In their interesting book. "Singing Out: An Oral History of America's Folk Music Revivals" Dunaway and Beer discuss 3 major folk revivals

1) those of the folk singers who descended on Greenwich Village in the 1930s and 40's:

2) the singers and songwriters brought together in the 1960s civil rights and

3) antiwar movements; and the eclectic folk 'boomlet' of today." Dunaway's informative introduction describes the folk music revivals of the twentieth century as having their origins "in the Romantic belief in human possibility."

Past: 1920's and 30's

  1. The book in the Amazon spotlight above says there were 3 folk revivals:
  2. According to Ken Braiterman, the first was driven by collectors, who were probably, at least partially, inspired by Joe Hill. and combed through old manuscripts, seeking new discoveries, and publishing as many variations as they could find. Most famous among these were John Lomax, father of Alan Lomax, and Charles Seeger, father of Pete."
  3. Between 1933 and 1936 (During the New Deal), Alan Lomax roamed the backwoods collecting on a tape recorder for the Library of Congress. ...he lived for a while with Pete Seeger. Lomax's Library of Congress recordings were a major source of material for folk singers who inspired one another in New York's Greenwich Village in the 1930s and 40's.
  4. Thus, the next boost for American folk music was in the 30's and 40's with Woody Guthrie and his dust bowl ballads, and Burl Ives and his traditional folk ballads which he popularized through his radio show "The Wayfaring Stranger",

Past: The 1940s and 50's

The next boost for American folk music came with Pete Seeger's solo folk singing from 1938 to 1941, and even more so from 1941 to 1944 with the Almanac Singers a group which Pete and Woody formed and which sing mostly labor movement songs and anti-war songs until they were forced to go underground.

--Pete Seeger and Woody Gutherie

Past: The 1950's

  • An even bigger boost came in the 50's, as the Almanac Singers resurfaced as the Weavers in 1950.

Past: A great compilation from the 30's through the 50's:

Listed below is a great compilation of traditional folk songs from the 30's through 50's by the original artists. I have it and am really enjoying it. There are five solo artists (Woody, Pete, Leadbelly Odetta, and my favorite, Burl Ives) and three groups (The Almanac Singers, the weavers, and the Kingston Trio.), with one duet of Woody and Cisco Huston. It's a great mix of solo artists and groups or duets. You'd be hard-pressed to find a more complete compilation of the years leading up to the great folk revival. Included are such classics as Leadbelly's original recording of "Goodnight Irene, Wood's original recordings of "This Land is Your Land," The Great Colie Dam," and "Pastures of Plenty," and Burl Ives' original version of :"The Big Rock Candy Mountain," "The Cowboy's Lament," and "Billy Boy" among others. The Weavers are adequately represented with their rendition of Woody's "So Long it's been to know you," plus their own rendition of Pete's "If I had a Hammer," as well as their renditions of "Lonesome Traveler" and "Wasn't that a time?" which appropriately ends the collection. There are even two spirituals, "Ezekiel saw the wheel" by Cisco Houston, and "Glory Glory" by Odetta. Yes, this is really a wonderful collection well representative of the years between 1930 and 1958. -----JMB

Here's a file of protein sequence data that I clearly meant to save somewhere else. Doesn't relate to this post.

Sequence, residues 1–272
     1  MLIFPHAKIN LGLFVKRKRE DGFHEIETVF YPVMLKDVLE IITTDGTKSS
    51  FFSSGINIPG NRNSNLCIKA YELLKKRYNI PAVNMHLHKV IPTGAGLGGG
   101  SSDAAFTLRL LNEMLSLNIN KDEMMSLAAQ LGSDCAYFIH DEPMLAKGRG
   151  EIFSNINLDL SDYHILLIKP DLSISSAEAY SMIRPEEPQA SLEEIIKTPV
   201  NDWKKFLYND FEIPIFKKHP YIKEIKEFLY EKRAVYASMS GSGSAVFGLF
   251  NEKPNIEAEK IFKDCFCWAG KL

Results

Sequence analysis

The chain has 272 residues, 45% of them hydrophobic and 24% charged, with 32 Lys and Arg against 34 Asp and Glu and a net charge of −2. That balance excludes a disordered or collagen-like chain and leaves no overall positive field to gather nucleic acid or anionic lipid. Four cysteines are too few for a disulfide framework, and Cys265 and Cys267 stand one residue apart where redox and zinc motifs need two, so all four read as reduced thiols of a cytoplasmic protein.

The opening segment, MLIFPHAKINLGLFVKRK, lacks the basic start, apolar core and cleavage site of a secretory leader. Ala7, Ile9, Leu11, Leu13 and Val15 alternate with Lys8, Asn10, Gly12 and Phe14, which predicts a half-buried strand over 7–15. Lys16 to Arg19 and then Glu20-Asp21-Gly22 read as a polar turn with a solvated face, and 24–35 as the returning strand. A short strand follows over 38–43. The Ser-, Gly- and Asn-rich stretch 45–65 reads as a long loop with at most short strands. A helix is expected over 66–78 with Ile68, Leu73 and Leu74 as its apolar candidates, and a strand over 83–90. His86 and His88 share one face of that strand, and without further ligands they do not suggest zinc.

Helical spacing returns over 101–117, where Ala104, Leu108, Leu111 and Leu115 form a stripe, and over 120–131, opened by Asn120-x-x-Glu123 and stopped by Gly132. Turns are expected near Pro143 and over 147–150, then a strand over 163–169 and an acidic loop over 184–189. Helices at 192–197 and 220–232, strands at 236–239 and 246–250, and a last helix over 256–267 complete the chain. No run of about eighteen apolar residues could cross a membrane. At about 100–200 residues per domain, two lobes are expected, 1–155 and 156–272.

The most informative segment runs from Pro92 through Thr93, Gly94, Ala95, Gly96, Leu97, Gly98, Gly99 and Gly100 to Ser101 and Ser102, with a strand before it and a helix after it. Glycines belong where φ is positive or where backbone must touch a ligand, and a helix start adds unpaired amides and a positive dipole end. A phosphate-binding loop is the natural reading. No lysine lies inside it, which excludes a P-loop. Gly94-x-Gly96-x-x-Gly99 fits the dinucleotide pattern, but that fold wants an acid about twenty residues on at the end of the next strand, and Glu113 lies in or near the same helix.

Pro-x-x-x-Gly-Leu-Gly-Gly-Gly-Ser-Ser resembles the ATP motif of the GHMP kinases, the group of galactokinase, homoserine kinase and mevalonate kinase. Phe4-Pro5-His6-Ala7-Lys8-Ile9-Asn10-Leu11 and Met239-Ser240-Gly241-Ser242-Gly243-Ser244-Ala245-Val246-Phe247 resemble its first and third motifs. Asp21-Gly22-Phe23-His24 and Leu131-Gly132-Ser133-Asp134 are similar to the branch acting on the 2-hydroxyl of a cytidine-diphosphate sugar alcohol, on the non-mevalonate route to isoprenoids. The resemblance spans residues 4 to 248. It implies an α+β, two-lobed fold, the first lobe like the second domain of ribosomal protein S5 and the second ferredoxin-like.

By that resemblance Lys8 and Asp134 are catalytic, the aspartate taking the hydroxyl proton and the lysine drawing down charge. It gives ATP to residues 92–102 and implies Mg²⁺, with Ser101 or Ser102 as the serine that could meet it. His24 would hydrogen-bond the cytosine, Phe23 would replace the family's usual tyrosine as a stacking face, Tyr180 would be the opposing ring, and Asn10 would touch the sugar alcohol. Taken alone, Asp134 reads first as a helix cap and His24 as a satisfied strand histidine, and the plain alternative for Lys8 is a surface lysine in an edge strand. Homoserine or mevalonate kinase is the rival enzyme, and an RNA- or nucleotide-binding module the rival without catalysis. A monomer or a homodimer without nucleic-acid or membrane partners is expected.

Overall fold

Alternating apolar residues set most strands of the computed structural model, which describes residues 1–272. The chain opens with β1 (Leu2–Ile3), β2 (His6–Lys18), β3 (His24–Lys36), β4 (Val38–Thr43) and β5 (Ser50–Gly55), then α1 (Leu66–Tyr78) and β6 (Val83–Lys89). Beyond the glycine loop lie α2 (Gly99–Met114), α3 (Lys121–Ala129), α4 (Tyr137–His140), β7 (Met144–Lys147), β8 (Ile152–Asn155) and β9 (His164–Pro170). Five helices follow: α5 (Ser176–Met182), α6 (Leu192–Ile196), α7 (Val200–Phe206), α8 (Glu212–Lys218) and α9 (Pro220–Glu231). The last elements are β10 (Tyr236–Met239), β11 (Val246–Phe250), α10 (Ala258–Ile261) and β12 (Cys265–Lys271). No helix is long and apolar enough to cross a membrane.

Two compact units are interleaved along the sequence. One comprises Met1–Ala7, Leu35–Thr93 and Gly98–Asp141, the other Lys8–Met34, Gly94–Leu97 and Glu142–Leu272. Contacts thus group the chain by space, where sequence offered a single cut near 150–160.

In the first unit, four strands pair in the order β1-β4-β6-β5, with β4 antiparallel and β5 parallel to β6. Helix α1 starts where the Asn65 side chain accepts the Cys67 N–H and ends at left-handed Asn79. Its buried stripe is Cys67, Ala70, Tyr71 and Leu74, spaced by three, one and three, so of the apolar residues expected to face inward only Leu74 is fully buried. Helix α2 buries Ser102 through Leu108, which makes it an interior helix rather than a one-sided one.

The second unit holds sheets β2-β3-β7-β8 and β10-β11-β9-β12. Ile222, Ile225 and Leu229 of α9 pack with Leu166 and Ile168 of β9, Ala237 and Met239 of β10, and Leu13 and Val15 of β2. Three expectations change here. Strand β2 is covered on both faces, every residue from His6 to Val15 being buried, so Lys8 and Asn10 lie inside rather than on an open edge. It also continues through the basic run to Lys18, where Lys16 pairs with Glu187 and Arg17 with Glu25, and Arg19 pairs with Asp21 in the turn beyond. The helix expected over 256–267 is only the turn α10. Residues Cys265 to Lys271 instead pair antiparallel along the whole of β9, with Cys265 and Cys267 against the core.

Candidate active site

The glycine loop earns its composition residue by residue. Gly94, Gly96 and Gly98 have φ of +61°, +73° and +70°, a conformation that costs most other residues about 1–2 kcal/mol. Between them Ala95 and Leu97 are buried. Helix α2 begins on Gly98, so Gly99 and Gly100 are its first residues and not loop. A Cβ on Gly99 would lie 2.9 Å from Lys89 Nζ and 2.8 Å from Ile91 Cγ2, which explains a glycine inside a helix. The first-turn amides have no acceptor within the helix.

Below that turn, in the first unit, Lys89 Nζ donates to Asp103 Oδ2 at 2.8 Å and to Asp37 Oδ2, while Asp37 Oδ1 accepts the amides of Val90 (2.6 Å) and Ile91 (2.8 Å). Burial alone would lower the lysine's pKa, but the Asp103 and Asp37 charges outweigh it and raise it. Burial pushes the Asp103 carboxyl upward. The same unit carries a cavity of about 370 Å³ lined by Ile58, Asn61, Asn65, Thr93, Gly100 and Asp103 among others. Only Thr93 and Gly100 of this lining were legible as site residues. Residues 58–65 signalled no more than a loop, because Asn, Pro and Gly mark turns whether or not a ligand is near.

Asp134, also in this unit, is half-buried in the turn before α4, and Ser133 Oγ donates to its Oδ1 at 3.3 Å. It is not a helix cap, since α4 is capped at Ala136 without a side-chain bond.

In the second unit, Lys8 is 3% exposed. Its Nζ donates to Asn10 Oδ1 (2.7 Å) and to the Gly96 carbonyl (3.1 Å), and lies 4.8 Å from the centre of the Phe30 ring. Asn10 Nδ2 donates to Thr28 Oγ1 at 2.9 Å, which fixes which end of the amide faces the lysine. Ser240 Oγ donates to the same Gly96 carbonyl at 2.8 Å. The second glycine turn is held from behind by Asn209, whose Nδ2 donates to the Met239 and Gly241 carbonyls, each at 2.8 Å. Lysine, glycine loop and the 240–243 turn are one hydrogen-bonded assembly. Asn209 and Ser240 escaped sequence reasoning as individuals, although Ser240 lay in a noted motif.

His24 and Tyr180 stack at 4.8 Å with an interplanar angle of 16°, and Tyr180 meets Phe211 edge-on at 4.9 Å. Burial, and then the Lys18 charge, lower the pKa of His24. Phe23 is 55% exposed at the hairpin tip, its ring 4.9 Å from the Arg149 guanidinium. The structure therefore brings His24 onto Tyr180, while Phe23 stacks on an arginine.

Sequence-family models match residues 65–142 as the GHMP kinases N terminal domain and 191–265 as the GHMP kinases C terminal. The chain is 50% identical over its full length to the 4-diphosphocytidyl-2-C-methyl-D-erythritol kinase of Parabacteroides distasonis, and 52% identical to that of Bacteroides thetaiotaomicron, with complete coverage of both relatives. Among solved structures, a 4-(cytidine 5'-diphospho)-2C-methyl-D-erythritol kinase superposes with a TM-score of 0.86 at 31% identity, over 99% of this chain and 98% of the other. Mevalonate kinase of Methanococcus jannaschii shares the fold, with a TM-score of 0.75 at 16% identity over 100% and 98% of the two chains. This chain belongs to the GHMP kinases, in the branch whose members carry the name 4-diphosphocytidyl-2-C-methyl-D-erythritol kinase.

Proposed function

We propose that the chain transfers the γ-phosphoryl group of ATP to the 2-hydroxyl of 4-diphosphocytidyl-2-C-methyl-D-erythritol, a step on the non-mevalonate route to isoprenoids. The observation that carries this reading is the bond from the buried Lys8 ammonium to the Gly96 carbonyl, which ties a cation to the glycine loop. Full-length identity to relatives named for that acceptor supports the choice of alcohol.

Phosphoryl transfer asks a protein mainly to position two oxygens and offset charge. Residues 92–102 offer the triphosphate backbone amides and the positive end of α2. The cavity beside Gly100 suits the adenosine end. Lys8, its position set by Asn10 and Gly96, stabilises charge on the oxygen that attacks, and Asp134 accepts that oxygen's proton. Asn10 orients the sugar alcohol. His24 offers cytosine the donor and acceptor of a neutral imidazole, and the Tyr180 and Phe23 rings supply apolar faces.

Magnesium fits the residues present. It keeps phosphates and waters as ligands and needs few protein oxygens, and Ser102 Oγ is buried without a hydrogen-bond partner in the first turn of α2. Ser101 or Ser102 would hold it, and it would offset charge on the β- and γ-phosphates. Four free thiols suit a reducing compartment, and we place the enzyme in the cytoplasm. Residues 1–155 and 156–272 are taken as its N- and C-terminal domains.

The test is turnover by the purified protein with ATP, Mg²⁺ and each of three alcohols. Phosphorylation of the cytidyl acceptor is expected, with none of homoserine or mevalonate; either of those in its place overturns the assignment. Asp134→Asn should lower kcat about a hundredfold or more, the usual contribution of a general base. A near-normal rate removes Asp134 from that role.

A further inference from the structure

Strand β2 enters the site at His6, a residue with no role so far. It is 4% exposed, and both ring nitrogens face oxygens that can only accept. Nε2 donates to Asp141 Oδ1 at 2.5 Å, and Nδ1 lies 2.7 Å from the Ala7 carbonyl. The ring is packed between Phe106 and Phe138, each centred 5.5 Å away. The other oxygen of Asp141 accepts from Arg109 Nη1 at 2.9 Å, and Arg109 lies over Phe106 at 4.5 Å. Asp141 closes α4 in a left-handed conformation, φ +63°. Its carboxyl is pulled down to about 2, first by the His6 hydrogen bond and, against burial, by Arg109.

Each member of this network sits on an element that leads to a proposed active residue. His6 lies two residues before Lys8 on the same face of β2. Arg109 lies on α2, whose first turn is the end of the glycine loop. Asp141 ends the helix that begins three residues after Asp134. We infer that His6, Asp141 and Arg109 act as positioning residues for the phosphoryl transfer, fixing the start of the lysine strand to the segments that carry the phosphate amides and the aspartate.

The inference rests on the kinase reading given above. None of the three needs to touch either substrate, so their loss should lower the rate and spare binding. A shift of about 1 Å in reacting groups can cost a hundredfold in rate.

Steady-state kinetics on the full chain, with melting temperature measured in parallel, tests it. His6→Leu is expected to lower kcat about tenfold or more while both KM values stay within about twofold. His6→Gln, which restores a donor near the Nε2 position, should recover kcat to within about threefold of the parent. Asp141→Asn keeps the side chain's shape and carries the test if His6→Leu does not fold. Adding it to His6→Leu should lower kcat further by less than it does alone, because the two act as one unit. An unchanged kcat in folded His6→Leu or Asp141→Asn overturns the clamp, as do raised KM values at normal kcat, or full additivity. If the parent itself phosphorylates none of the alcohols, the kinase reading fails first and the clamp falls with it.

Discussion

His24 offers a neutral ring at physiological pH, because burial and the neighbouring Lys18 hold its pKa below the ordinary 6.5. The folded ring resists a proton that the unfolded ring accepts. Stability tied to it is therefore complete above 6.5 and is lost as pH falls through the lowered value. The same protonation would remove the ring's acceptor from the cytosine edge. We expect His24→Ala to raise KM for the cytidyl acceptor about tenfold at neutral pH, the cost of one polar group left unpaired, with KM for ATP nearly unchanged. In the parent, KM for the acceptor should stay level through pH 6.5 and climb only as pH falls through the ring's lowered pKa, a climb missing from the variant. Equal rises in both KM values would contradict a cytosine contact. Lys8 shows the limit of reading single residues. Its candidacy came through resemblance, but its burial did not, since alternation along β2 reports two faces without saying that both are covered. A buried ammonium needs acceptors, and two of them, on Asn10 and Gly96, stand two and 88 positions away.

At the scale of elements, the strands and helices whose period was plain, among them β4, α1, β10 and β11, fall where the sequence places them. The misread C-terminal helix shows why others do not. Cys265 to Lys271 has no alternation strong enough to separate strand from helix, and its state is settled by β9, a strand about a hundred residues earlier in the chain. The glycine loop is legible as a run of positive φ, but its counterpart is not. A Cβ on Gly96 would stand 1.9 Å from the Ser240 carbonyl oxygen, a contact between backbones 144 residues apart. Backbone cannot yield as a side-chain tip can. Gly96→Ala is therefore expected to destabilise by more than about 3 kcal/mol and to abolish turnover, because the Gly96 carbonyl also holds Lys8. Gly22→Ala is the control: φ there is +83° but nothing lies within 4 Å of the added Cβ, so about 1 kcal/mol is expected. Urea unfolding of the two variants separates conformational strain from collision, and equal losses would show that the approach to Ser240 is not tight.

Past: Harry Smith's Anthology of American Folk Music

in 1952, an avid record collector named Harry Smith decided to put together a folk anthology. the result was the first extensive collection of folk music in the U.S, "Anthology of American Folk Music" It was created and edited by Smith for Moe Asch's Folkways label in 1952. Searching, you can find the original Anthology which helped bring about the 60's folk revival. There are several versions of this historic work available, some with accompanying CD sets and /or books, some even featuring Harry Smith's original songbook with related essays by noted writers, musicians, and scholars. I never had any of these items, so I cannot comment on it one way or the other, except to say that I find them a bit pricey, but for the serious folk historian or really serious collector, it may be a real consideration. As for myself, I'm well satisfied with the three items I actually listed on this page.

Past: The biggest boost: The 60's Folk Revival - Bringing American folk music into the mainstream.


Both the success of The Weavers from 1950 to 1952 and the publication of Harry Smith's "Anthology of American Folk Music" (spotlighted below) in 1952 paved the way for "the folk revival of the 60's," which, according to Pat Jacobs in the first article below, actually began in 1958 with the rise to #1 of The Kingston Trio's "Tom Dooley" and their subsequent hits of Tijuana Jail" "M.T.A." and "A Worried Man" in 1959. (For more factors in the rise of the revival, see 2nd module below.) The 60's folk revival brought American folk music into the mainstream of American popular music, and thus was one of the greatest if not THE greatest event in the history of music. For more check these links and the book below:

Past: The biggest boost: The 60's Folk Revival - Photo of Greenwich Villiage in the 60's from Flicker

Greenwich Villiage in the 60's .
Greenwich Villiage in the 60's . | Source
--Greenwich Village, N.Y., in the 60's (above) was the scene of the biggest folk revival in music history.

Past: 10 Factors in the rise of the 60's folk revival

  1. The previous success of The Weavers (1950-52)
  2. The publication of Harry Smith's "Anthology of American Folk Music" (mentioned above) in 1952 and subsequent interest in the same.
  3. The rise to #1 of The Kingston Trio's hit, "Tom Dooley" in 1958.
  4. The Kingston Trio's subsequent hits of Tijuana Jail" "M.T.A." and "A Worried Man" in 1959.
  5. Also in 1959, The formation of The Limeliters.(See below.)
  6. Also in 1959, The start of "The Chad Mitchell Trio."
  7. The formation of The Highwaymen in 1960 and the success of their #1 hit "Michael Row The Boat Ashore" in 1961.